We use cookies to personalise content and ads to deliver the best possible web experience. By continuing to use this site, you agree that we may store and access cookies on your device. You can change your preferences at any time on your browser. For more detail, click here to view our cookie policy.

Generic Links

Welcome to RL360's

dedicated financial adviser website

For financial advisers only

Not to be distributed to, or relied on by, retail clients

Social - the 'S' in ESG

The assessment of how a company interacts with the people around it is one of the three key factors in understanding ESG risks and opportunities. This is the ‘S’ in ESG.


A company has many social interactions, whether staff, suppliers or customers, and each operates within the dynamics of society and within the bounds of its reputation and demographic. Understanding how this web of social interactions is managed is key to assessing its risks.


Treatment of a company’s workforce is an important part of its ESG assessment. Equal and fair working conditions, remuneration and rights are all expectations of a company that treats its employees well and with respect. An employee should not be treated differently because of gender, race or beliefs.


There are a number of potential consequences for mistreatment of the workforce, from difficulties in retaining skilled staff to strike actions. Likewise, ensuring the safety of staff is an important consideration. Poor health and safety could lead to criminal prosecution, fines or regulatory sanctions.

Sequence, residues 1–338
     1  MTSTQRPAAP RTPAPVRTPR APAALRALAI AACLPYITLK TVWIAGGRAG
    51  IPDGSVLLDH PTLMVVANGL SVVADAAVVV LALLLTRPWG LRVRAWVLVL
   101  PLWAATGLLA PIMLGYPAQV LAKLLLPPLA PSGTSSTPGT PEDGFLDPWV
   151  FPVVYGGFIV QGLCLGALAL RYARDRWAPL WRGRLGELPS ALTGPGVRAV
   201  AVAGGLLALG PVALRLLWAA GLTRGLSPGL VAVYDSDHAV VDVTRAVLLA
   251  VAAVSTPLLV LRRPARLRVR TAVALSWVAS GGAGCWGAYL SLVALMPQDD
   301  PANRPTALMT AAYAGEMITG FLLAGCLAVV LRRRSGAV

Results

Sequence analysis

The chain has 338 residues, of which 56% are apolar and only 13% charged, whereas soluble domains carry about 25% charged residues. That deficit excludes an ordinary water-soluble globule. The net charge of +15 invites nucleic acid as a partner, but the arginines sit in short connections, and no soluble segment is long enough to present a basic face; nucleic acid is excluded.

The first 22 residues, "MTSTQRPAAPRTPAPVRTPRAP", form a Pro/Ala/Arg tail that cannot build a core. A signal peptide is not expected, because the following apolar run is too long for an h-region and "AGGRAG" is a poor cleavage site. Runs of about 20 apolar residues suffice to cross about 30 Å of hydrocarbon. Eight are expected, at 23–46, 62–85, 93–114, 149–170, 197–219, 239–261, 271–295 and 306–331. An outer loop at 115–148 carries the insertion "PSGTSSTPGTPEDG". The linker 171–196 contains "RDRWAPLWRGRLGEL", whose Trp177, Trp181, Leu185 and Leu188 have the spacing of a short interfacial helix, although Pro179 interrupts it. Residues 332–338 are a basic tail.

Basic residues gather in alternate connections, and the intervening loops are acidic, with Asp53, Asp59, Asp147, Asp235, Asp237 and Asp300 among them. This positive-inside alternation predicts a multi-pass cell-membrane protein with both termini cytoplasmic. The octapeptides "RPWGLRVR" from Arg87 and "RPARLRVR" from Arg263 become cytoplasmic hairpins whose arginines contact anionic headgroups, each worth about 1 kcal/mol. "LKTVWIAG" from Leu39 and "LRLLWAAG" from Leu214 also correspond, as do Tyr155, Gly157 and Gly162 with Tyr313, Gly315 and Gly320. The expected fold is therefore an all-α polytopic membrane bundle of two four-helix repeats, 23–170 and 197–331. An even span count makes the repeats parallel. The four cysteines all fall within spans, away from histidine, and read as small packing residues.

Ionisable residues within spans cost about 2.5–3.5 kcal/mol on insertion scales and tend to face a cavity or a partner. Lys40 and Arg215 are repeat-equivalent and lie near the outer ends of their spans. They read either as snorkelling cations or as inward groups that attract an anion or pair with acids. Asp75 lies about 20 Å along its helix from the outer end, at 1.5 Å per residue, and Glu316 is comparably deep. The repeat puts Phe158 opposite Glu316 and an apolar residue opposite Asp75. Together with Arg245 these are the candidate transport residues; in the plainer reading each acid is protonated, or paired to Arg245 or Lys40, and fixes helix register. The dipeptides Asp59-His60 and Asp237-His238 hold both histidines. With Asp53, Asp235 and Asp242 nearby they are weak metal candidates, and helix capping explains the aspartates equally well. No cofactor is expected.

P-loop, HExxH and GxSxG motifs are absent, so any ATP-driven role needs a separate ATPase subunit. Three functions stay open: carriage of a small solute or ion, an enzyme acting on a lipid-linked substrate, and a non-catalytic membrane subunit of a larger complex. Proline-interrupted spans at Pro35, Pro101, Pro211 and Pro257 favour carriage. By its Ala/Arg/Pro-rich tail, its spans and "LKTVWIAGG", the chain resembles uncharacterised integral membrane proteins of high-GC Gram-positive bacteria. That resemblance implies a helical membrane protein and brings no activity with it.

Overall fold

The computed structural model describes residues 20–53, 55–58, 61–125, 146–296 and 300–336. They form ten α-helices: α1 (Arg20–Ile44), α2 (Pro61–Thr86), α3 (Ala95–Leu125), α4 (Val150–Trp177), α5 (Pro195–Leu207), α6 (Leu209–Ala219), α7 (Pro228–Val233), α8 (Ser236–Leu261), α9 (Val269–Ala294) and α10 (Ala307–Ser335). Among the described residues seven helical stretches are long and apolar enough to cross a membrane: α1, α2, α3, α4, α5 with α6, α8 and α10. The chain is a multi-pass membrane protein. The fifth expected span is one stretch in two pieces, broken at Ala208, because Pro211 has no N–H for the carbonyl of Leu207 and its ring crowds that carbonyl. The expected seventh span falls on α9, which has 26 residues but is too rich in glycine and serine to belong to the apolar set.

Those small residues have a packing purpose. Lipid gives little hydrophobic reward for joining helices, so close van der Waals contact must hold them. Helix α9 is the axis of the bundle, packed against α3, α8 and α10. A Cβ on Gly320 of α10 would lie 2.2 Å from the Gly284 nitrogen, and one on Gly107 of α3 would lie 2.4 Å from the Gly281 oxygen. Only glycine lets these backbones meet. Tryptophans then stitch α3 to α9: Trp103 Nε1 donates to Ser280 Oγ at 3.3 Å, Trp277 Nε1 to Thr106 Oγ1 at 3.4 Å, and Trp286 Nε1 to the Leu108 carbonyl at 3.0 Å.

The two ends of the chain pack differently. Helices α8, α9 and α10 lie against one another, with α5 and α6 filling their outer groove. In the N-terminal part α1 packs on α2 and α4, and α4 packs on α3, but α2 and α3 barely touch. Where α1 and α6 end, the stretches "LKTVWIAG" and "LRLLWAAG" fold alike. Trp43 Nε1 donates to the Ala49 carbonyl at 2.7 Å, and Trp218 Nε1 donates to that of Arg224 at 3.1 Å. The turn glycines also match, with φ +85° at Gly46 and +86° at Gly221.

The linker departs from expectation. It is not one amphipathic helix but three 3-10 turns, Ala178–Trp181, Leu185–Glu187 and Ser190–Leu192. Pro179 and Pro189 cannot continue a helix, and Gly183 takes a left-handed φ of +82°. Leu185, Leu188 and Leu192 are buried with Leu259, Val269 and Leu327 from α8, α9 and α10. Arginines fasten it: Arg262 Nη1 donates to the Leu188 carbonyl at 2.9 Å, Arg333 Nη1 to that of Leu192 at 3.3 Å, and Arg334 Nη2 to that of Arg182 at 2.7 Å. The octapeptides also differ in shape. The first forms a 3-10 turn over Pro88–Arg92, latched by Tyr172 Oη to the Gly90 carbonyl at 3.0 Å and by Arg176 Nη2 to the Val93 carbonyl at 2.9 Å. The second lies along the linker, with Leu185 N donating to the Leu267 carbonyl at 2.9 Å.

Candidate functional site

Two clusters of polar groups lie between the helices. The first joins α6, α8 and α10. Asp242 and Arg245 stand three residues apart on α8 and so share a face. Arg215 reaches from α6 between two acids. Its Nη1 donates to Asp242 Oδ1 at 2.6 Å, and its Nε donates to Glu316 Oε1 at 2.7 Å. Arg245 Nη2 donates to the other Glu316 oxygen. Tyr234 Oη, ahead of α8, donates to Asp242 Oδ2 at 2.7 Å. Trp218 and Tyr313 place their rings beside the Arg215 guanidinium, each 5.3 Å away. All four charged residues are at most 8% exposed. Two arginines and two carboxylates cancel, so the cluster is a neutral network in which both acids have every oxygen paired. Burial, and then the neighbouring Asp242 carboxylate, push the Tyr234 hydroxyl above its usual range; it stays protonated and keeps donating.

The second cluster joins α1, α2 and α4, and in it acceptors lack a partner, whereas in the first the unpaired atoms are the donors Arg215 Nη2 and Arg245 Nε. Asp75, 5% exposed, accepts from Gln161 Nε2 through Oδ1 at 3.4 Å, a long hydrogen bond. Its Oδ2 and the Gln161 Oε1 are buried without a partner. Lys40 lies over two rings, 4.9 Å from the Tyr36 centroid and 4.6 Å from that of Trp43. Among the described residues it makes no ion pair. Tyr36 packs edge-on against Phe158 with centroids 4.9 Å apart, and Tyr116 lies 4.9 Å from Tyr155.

The same principles of fairness, equality and safety extend outside of the workforce to other groups of people, for example suppliers. This can be especially key when suppliers are based in countries dealing with poverty or poor working conditions.


There are strong values attached to many of these social interactions, with equality and fairness issues, for example, rapidly creating difficult situations for companies that are seen to exhibit poor behaviours or attitudes. This can quickly lead to consumer action or boycotting, and therefore have a material commercial impact.


The goods and services that a company sells can also be a source of controversy and therefore interact poorly with social values; an arms or tobacco company carries implicit ESG risks from the business that it undertakes.


Understanding the social interactions of a company is therefore very important to understanding its ESG risks. A company that treats the people with whom it interacts in a fair and sustainable manner will minimise their exposure to these social risks.